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A novel approach to PhD with 'dockside noir' set in Woolloomoooloo

A novel approach to PhD with 'dockside noir' set in Woolloomoooloo

Published:08 August 2018

TOP: Dr Alison Owens (right) with Professor Donna Lee Brien. BELOW. L-R Vice-Chancellor Professor Scott Bowman, friend and colleague Dr Susan Loomes, Dr Alison Owens and Anthony Seaegg, the son of the inspiration for the hero of the novel at the centre of the PhD.

Mariners, wharfies, bohemians, drunks and petty criminals have provided the milieu for Alison Owens' latest PhD project.

Dr Owens, who earned her first PhD in Education from the University of Technology Sydney, has now gained her second doctorate in Creative Writing through CQUniversity by writing and self-publishing a historical novel titled Woolloomooloo Bad. She graduated this week at the CQUni Sydney ceremony.

The novel, being prepared for publication, is based on Dr Owens' husband's family story set in the 1930s and 1940s in the Sydney dockside suburb.

"A Sydney Morning Herald newspaper story from 1939 fired my imagination initially," Dr Owens says.

"My husband’s no-good great uncle was found on some stone steps leading from Little Riley Street with a bullet wound. This is now a scene in the book. And my husband’s father took to painting after suffering a stroke and produced artwork which I am using for the book cover."

Dr Owens was a pioneering academic at CQUniversity's original Sydney Campus in the Imperial Arcade (Castlereagh Street).

She started in 1996, teaching international students about communication and culture, and continued on staff for another 17 years. Her final role was as Director of the International Education Research Centre (IERC).

Alongside her novel project, Dr Owens has been collaborating with CQUniversity's Professor Donna Lee Brien to edit a book titled In our own words: Stories by Australia's international students.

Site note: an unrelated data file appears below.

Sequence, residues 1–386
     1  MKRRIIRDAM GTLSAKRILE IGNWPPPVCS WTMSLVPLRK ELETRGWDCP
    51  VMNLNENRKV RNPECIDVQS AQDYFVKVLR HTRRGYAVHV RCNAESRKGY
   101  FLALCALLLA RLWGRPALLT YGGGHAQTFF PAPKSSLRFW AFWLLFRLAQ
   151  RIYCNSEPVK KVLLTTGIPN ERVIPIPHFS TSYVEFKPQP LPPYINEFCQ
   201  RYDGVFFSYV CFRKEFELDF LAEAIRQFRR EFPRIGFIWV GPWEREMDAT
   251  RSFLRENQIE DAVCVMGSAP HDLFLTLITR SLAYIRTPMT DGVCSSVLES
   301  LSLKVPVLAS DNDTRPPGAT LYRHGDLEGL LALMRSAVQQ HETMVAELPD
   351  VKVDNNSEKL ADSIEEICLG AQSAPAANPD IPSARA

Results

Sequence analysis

Dr Owens and Professor Brien have also been working on a project for leading UK scholarly publishers Palgrave, to produce an edited book about the PhD journey from the students' perspective, including a series of chapters from current and recently completed research higher degree candidates.

The Doctoral Experience: Student Stories from the Creative Arts and Humanities, edited by Donna Lee Brien, Craig Batty, Elizabeth Ellison and Alison Owens, is in the final draft stage.

"We have proposed a number of co-authored conference papers from this project to important national conferences at the end of the year, including the Australian Association for Research in Education," Professor Brien says.

Dr Owens and Professor Brien are also working on a long-term project on forgotten or under-researched Australian women writers, focusing on writing their career biographies.

They have proposed presenting their paper - ‘Writing for Survival: The non-fiction prose of Australian women novelists in the 1930s’ - at the Australasian Association of Writing Programs' conference during November, in Perth.